What happened this morning to Penn State? Well there are the facts, and then there are the implications. The facts are easy and straight forward; the implications take some imagination and research.
The facts: Penn State is penalized $60 million, banned from postseason play for four years, on probation for five, facing major scholarship restrictions for four years and is vacating all wins since 1998 (stripping Joe Paterno of his valued All-Time Wins record).
The implications: The NCAA and Big Ten didn’t use the words “death penalty” but if you read between the lines you’ll see these sanctions for what they are: scorched earth. Big Ten commissioner Jim Delaney said today the league “would support as much freedom as possible” in regards to players transferring out of the program. And what does that mean from arguably the most powerful person in collegiate sports? The Big Ten and NCAA are anticipating and supporting a complete program implosion in the near future. They are strategically decimating the program in hopes that Paterno’s legacy will be erased and the next decade will birth a new standard. Whether sanctions were the correct option or not, this was the only legitimate strategy to restore Penn State in the future.
What this means for the current team: Typically an athlete is not allowed to transfer within a conference, and if they do they are forced to sit a year and forfeit their scholarship. In Penn State’s case, players with desire to transfer within the conference are immediately eligible, can keep a scholarship, and not be counted against the school’s current scholarship limit (which is amazing). Although many current players are taking to social media and claiming they ”bleed blue and white”, many of them will transfer. I anticipate at least 15 players from the 2012-2013 team will leave. Seniors and juniors will probably ride it out in Happy Valley, but what incentive is there for incoming freshman and sophomores to stay at Penn State?
A free agent feeding frenzy started this morning and will blow away anything college football has seen. Believe me when I say every coaching staff worth their salt is reviewing Penn State’s current roster, making a wish list, and digging up their old recruiting connections and reaching out. New head coach Bill O’Brien (if he chooses to stay) will be left to put the pieces together and try to be competitive with an under-stocked roster and no incentive for wins. It’s not the current players or coaches fault, so you can’t blame them when they choose to join the mass exodus.
What it means for the future of the team: Recruiting is going to be tough at Penn State. Instead of Top 100 recruits Penn State is going to have to accept the marginal prospect that wants a chance to prove themselves in the Big Ten. Basically look through Rutgers 2013 recruiting class and accept that Penn State no longer has legitimate shot at those kids for the next three years. The cards have already started to fall with Penn State’s acclaimed recruiting class of 2013–already two highly ranked recruits have decommitted and moved along, and numerous others have tweeted or put up Facebook statuses hinting at opening up in the near future. Greg Webb, a Top 100 defensive tackle from New Jersey is a perfect example of what will happen to the 2013 class. Webb had offers from Alabama, Oklahoma, Michigan, Ohio State; ergo, he didn’t lack for interest. Webb was thrilled by Penn State and spurned all other offers, selecting Penn State this past winter. Over the weekend Webb read the tea leaves and broke his commitment, quickly switching allegiance to North Carolina; And you can’t blame him. A recruit wouldn’t be paddling to board a sinking ship, they would be diving to collect barnacles in the wreckage. By signing day this class will be decimated. This year’s team will be the best and most talented Penn State will likely be able to field until 2018.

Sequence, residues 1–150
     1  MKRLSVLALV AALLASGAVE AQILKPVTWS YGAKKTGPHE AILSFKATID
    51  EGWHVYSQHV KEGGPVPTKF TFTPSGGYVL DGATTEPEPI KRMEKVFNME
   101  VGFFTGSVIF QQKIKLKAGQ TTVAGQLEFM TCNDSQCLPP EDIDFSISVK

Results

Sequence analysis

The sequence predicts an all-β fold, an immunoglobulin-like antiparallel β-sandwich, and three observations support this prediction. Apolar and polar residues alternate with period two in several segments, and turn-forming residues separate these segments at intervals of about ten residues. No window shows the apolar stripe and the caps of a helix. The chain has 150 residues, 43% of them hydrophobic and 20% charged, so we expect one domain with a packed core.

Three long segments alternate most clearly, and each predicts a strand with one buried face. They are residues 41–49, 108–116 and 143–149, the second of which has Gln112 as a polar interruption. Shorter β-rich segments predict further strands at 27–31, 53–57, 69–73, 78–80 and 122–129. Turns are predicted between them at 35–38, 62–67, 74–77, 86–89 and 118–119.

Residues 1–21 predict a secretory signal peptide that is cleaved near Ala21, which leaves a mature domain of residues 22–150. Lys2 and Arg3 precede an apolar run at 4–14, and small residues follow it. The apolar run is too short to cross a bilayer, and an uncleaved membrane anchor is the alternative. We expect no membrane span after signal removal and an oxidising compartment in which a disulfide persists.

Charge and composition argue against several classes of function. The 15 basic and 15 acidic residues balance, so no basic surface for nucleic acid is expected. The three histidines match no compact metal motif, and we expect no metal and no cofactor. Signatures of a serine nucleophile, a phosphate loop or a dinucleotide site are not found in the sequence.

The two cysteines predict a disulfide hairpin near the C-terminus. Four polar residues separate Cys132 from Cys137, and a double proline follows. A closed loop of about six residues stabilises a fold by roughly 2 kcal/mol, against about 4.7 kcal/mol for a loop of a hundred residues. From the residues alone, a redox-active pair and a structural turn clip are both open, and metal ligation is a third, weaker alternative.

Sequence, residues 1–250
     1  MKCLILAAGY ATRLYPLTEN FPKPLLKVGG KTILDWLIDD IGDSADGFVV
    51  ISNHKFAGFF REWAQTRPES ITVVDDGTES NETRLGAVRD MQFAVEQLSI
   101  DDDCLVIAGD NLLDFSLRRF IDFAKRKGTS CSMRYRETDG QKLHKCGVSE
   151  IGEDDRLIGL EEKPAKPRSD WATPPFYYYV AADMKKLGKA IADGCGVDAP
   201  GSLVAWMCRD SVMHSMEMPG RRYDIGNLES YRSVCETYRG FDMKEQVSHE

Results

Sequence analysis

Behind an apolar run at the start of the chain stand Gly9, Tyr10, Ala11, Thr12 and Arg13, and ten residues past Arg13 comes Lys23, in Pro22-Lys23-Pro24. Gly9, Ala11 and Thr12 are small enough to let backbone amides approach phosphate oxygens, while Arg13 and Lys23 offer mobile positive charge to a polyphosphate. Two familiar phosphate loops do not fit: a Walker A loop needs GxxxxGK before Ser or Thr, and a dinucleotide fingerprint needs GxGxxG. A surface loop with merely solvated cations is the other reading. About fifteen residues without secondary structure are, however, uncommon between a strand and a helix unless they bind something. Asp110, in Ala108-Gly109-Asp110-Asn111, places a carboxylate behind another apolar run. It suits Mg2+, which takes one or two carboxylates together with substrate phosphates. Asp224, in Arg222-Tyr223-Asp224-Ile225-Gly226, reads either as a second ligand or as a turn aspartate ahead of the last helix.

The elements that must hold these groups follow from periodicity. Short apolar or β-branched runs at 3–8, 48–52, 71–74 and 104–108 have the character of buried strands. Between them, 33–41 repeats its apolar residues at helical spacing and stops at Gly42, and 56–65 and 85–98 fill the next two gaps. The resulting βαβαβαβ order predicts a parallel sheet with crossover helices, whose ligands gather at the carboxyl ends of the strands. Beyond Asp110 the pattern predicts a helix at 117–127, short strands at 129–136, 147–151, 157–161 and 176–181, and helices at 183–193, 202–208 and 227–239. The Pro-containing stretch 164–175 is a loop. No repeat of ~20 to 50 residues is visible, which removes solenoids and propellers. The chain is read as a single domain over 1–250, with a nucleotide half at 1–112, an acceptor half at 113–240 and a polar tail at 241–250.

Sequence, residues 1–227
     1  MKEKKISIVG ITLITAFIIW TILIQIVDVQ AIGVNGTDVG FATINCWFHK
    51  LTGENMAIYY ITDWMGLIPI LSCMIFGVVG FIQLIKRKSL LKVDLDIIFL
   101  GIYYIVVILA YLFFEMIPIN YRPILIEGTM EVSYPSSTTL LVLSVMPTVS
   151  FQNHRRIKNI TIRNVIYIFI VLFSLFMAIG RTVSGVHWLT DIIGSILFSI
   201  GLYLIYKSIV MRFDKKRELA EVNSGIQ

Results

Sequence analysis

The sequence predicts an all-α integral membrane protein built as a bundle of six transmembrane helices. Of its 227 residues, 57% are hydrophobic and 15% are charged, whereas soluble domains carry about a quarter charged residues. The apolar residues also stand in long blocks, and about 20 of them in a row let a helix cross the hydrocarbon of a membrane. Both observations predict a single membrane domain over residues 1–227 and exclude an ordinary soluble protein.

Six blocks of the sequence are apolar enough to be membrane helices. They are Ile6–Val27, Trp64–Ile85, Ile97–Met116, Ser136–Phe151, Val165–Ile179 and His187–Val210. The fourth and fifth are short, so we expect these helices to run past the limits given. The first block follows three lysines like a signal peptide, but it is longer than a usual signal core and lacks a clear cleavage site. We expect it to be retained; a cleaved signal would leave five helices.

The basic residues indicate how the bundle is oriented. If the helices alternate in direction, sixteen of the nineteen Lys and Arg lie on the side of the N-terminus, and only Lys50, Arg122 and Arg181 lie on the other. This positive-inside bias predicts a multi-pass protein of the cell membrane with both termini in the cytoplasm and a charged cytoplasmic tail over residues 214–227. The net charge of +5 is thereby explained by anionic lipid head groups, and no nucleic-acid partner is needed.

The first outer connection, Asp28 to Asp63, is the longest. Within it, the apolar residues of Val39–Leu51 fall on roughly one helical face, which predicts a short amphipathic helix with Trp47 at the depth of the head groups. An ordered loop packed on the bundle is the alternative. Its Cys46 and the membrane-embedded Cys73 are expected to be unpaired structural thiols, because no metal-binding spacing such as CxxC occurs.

What it means for the athletic department: The Sports Business Journal says that Penn State’s athletic department budget for 2012 was $92 million, the seventh largest in the country. Before factoring in money that will be l0st in donations, ticket sales, apparel and concessions, they also have to pay a fine of $60 million. So they are donating 2/3 of their average annual budget, crippling their Golden Goose and spreading the remainder amongst 29 Division 1 programs. At a school like Penn State the football program drives almost the entire athletic department, so without football the math doesn’t add up. It’s not out of the realm of possibility for Penn State to start cancelling sports programs they can’t properly fund. I told you, scorched earth.
What it means for the university: Successful basketball and football teams lead to a spike in applications. Between the football sanctions and the general stigma hanging over Penn State, how many potential applicants will look elsewhere? Penn State is not Harvard, but it does have a strong academic reputation that is propelled by accepting and enrolling accomplished students from Pennsylvania and the Northeast. Many of those students also see Penn State football as part of their educational identity. A drop in applications is certain for 2013, but without the prospective of a strong football team returning in years to come, how much will that rate drop? And when sanctions are lifted, how much infrastructure damage will Penn State have to weather? While endowment is ransacked in dealing with lawsuits and borrowing to support under funded programs, money will not be streaming in.
Joe Paterno is Caesar Augustus and Nero all rolled into one. He built one of college athletics greatest and most respected dynasties, but met a unique demise by fiercely protecting his own interests. The Paterno statue is gone, the Paterno legacy is only infamy, and the 109,000 seat Coliseum he built is a ruin.